Enforcement of health and safety legislation, including employers’ duties to avoid risks to health from their premises Health and Safety at Work Act 1974 (ss2-4, read with ss18-25) Local authorities and the Health and Safety Executive
Isolate or otherwise restrict the movements, activities or contacts of people who are tested/assessed as potentially infectious by a public health officer Coronavirus Act 2020 (Schedule 21) Local authorities and any other public health officers designated by the UK government
Close schools and other educational institutions

Coronavirus Act 2020 (Schedule 16)

The Health Protection (Coronavirus, Restrictions) (England) (No. 3) Regulations 2020

UK government or, if ministers authorise local authorities, then local authorities

In England from 18 July, local authorities can direct individual schools or other educational institutions to close without ministerial authorisation

Prohibit or otherwise restrict events or gatherings of a specified description, or close or otherwise restrict premises of a specified description

Coronavirus Act 2020 (Schedule 22)

The Health Protection (Coronavirus, Restrictions) (England) (No. 3) Regulations 2020

UK government

Local authorities

Close or otherwise restrict premises of a specified description

Coronavirus Act 2020 (Schedule 22)

UK government

How are local outbreaks assessed? 

Data on the local infection rate and concentration of cases is gathered by the NHS test and trace programme, which was launched on 27 May, and assessed by the Joint Biosecurity Centre (JBC) together with Public Health England (PHE) and NHS bodies. Local authorities have access to postcode-level data about the number of positive cases. Directors of public health, who are appointed by local authorities, can also report outbreaks.

Reports from the JBC, PHE and directors of public health are assessed daily by the government’s Local Action Committee Command. Issues of concern are raised through this structure to the chief medical officer, Chris Whitty, and, as necessary, to the health secretary.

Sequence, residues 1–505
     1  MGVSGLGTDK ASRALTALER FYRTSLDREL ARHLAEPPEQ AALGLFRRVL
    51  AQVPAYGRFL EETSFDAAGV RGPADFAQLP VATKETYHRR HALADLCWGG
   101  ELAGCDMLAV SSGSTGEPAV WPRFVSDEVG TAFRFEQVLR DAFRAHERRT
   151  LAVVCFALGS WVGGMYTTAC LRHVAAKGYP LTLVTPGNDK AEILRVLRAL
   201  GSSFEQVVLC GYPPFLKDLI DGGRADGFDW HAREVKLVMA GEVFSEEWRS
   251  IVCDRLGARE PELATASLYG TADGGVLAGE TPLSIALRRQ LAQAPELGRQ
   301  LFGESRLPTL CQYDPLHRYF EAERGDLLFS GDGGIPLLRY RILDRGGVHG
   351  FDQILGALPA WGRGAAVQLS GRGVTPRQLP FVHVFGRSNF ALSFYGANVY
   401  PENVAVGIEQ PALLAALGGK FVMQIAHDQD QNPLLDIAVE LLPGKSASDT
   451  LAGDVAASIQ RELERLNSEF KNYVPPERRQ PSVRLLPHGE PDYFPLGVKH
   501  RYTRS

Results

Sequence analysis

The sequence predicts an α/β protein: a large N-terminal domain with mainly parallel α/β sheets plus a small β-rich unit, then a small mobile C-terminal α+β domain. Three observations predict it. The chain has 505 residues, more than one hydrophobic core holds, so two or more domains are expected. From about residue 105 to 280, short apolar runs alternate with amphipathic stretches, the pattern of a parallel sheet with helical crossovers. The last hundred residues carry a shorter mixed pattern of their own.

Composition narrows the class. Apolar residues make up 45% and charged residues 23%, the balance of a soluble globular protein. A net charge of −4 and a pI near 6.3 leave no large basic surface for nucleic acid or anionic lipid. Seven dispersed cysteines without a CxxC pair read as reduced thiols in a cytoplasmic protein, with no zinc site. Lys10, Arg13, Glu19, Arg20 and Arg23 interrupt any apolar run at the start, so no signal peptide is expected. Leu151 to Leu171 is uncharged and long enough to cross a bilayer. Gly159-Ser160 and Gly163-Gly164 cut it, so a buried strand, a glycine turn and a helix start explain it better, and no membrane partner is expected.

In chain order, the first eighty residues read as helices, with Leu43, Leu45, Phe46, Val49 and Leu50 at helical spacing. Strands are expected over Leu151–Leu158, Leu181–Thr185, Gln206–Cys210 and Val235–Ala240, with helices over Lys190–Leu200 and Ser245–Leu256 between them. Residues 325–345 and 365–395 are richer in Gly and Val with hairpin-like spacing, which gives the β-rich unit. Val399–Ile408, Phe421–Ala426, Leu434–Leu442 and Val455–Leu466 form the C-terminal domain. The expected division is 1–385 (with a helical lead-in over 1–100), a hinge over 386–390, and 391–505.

How are decisions on local lockdowns made?

In England, unitary metropolitan councils and county councils with a high number of cases or a rising rate of increase of cases are designated to one of three categories, allowing regional and national resources to be provided to support local authorities when needed:

  • ‘Areas of concern’;
  • ‘Areas of enhanced support’ – where additional resources, such as mobile testing capacity may be provided;
  • ‘Areas of intervention’ - where additional restrictions such as the closure of premises may be introduced.

Local authorities in England in ‘areas of concern’ and ‘areas of enhanced support’ can close individual premises and public spaces. Local authorities have also been given resources to conduct localised contract tracing programmes.

More stringent restrictions can only be introduced through regulations made by central government. In England, regulations are made following consideration by the COVID-Operations Committee, which is attended by relevant ministers of state, the Chief Medical Officer, and senior civil servants.

What are the challenges to implementation?

The first lockdown in Leicester has illustrated the challenges of implementing local measures from the centre.

The local authorities in Leicester have stated that there was insufficient consultation and data-sharing. The regulations to enforce the lockdown in Leicester had not been published by the time the new rules were due to come into force on 30 June. A day prior to the start of the lockdown, the local council did not know which areas would be affected by the new rules.

There is a risk that local lockdowns could be seen as unfair or illegitimate. This issue was raised in a paper prepared for the security sub-group of the government’s Scientific Advisory Group on Emergencies (SAGE) on 23 April[1].

Alongside the legal powers available to national and local authorities, there will need to be a major communications effort to persuade people of the reasons for additional restrictions and to explain clearly what they are.


Institute for Government